The low notes without the fundamental can sound clearer because the fundamental may be so low that the human ear has a harder time processing it. A good example of this is the theory of neck-through versus bolt-on electric basses (I know this a DB forum but I’m hoping many readers may have some experience with BGs). Neck-through basses are favored by some, in part, because they have more fundamental in their sound. Some people, however, find that bolt-on basses have more punch and can cut through a loud band more easily. The bolt on may cut through better to some ears because it has less fundamental in the sound. Thus this principle may apply to both sides of the aisle – or forum – BG as well as DB.

    The following is what Michael Tobias said about the topic (copied from an article on the net…):

    I got a chance to speak to Michael Tobias a while ago and he said that the Ampeg SVT (a huge bass amp that I think has successfully powered loud rock bands for years) doesn’t put out much below 100hz! I was also told by Larry Ullman of Euphonic Audio (EA) that Walter Woods amps don’t put out anything below 100hz!! (any WW users able to verify this??!!)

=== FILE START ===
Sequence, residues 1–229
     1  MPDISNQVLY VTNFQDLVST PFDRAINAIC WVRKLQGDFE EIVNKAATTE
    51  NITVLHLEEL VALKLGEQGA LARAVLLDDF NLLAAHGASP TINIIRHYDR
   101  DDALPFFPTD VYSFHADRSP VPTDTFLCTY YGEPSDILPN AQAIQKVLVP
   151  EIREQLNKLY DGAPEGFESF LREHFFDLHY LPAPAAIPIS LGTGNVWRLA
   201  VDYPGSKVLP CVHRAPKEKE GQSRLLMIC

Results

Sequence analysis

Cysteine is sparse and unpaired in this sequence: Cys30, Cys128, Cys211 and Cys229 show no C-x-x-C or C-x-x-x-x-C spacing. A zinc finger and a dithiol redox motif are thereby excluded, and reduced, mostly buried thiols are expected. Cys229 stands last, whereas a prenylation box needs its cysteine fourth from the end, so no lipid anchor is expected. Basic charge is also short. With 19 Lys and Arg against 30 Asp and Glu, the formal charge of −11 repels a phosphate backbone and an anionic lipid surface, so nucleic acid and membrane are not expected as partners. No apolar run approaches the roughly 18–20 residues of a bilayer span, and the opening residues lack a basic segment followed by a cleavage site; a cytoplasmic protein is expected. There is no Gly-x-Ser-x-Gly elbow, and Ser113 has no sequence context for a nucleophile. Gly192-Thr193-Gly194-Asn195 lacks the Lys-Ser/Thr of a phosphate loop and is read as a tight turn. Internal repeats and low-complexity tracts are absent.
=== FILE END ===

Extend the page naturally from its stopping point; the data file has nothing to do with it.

Presuming that this information is essentially accurate, I find it strange that some speaker manufactures, and some musicians, are so concerned with whether or not their speakers go down to 30 hz vs 40 hz etc. Depending on the amp a player is using, the speakers’ frequency response below 80 hz or so could be superfluous. Regardless of the amp, it seems like the presence of very low frequencies could actually make the bass less clear in a performance situation, depending on the circumstances.

    QUESTION: I’ve tried my DB and BG through a WW and a few different speakers and found the sound lacking in bottom end (...and top end). Then I tried the same BG and WW but through an EA cab and it sounded fantastic – flat with what sounded like plenty of bottom (and top). Could it be that the EA cabs (and a few others…) are just so smooth and flat between 100 and 10-15Khz that it fools the ear into making it sound as though the frequencies below 100hz are not only there but reproduced better than other speakers? I would be interested in hearing from anyone who has had similar experiences and/or has knowledge in this area.
  10. chadds


    Mar 18, 2000
    The SVT sounds like it doesn't go below 100hz. It has a distorted mid grind rock sound perfect for that genre. Use your ears not the specs. Ray Brown and Ron Carter used Polytone Mini Brutes for years. Little 1x12 or 1x15 combos with 100 watts. Essentially shadowing the sound of their instrument. Tone is in your fingers. An engineer told me that upright players he records don't know how to get the sound out of their basses, they are so used to being amplified they can't make them project.